When will disabled people be able to fly without worrying about their wheelchairs? Recently I read a story about a woman who had her wheelchair broken by an airline, specifically United Airlines. A woman, named Engracia Figueroa who was a huge disability advocate, had her wheelchair, which Engracia depended on for her daily life broken by United Airlines. And yes, I said it twice because these people that have their chairs broken and damaged are people, they are not just some faceless name, they are living breathing people who deserve their property to be treated with respect.
The following is a quote from an article from the Forbes magazine website “In July, Figueroa attended the Care Can’t Wait rally in Washington, DC. After Figueroa traveled back home to Los Angeles, she made an awful discovery — United Airlines workers had accidentally damaged her wheelchair. The $30,000 wheelchair had been loaded into the cargo hold, where it was destroyed. Figueroa had a spinal injury and a leg amputation, and her wheelchair was custom-designed to support her body. Without her wheelchair, Figueroa had difficulty balancing and sitting upright… ‘Engracia was forced to sit in a broken manual wheelchair’ for five hours in the airport, Hand in Hand explains — ‘Her struggle to maintain her balance over that length of time in the faulty device led to the development of a pressure sore. When she was finally able to return home, she experienced acute pain, and was admitted to the hospital shortly after.'”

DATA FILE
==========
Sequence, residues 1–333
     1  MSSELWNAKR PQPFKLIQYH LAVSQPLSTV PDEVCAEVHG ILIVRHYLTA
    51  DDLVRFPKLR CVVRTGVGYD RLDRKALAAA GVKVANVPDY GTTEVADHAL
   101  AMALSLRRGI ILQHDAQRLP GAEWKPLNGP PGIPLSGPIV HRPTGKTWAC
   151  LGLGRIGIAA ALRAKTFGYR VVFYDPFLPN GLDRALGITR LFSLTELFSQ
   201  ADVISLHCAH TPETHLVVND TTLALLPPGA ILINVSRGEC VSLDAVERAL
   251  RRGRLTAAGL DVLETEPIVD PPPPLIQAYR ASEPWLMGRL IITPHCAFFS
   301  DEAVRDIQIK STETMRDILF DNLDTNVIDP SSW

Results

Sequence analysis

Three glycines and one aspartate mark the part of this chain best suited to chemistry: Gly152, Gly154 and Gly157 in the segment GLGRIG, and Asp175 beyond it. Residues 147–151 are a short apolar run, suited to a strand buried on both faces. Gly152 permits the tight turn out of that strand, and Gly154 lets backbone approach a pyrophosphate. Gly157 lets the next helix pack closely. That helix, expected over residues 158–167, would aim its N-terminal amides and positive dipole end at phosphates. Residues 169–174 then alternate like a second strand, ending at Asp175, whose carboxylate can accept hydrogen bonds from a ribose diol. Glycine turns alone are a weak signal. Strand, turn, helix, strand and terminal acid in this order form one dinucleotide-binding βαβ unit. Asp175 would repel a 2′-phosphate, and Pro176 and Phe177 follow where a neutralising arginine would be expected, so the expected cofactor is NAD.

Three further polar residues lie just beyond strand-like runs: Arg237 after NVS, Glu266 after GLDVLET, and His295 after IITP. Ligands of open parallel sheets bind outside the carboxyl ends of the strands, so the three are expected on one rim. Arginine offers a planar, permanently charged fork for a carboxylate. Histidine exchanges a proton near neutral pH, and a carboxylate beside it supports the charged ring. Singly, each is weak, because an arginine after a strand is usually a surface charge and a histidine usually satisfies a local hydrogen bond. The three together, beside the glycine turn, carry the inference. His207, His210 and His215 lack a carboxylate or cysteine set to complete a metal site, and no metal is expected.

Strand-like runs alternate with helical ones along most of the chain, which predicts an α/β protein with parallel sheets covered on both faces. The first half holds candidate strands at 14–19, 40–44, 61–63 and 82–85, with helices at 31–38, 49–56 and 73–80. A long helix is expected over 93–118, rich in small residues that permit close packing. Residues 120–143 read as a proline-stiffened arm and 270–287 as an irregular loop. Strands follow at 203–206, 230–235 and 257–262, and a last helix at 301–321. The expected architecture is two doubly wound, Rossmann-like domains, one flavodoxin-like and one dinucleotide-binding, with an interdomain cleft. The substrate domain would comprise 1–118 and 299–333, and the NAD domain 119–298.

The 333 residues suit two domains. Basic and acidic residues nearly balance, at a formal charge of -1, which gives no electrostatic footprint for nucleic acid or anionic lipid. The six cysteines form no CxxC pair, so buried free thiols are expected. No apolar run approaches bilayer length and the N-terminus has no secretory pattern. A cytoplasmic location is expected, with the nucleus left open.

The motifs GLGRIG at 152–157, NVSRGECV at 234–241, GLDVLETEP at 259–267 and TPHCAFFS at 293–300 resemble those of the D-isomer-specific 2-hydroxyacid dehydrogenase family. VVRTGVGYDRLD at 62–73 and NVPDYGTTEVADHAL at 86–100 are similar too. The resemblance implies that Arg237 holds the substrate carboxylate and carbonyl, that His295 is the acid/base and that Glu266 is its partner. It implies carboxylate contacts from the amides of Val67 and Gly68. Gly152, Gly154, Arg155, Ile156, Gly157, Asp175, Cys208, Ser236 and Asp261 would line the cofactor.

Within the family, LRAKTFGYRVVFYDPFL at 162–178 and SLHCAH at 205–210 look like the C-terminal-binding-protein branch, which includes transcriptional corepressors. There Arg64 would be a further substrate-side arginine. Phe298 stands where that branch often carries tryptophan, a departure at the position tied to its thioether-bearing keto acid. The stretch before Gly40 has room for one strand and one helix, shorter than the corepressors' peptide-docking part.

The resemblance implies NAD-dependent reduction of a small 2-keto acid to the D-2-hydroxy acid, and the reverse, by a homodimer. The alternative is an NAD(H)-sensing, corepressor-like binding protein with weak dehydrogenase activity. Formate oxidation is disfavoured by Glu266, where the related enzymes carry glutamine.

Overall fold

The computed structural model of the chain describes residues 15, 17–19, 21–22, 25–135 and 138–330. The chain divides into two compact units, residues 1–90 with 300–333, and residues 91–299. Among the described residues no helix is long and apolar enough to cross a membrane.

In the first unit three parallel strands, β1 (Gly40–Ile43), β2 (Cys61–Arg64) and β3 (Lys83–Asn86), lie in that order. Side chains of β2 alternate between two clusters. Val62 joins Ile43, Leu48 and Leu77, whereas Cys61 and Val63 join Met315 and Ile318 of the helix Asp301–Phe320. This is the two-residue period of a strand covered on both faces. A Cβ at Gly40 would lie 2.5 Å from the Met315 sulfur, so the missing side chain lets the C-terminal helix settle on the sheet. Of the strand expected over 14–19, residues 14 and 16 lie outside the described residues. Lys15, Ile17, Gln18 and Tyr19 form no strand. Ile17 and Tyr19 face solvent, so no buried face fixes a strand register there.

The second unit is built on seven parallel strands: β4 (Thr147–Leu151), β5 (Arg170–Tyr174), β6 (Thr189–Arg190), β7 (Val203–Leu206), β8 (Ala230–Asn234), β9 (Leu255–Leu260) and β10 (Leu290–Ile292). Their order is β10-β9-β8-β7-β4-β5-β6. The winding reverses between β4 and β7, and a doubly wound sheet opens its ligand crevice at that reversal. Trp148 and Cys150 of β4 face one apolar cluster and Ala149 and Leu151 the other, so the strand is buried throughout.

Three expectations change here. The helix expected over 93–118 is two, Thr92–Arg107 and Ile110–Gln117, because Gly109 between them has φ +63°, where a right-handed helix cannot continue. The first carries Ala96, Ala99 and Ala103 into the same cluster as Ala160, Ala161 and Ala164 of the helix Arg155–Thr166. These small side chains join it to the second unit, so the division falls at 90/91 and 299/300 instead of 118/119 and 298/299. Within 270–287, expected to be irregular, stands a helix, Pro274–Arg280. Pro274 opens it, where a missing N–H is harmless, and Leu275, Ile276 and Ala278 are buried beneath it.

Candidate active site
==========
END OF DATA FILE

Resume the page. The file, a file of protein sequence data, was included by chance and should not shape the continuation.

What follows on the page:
This is absolutely disgusting. Because United Airlines workers did not know how to handle Engraicas wheelchair, she had to use a loaner chair which was not customized for her needs which lead to a pressure soar that inevitably lead to her untimely death after being admitted to the hospital.
There is an act in place to avoid situations like this called the Airline Carrier Access Act. airlines are required to repair and/or replace lost or damaged assistive devices, this would include wheelchairs; which when it comes to wheelchairs that is easier said than done because a customized wheelchair cannot be repaired or replaced overnight.
What needs to be done is that these workers who are handling these wheelchairs going into the cargo space, need to recognize the importance of these wheelchairs to their users lives. They also need to know how to operate and care for the chairs that they are responsible for.
The simple fact that this is the second blog I am writing about airlines and wheelchairs, is a problem. Myself and Charlie dream of a day where air travel is not this huge scary deal for people who use wheelchairs.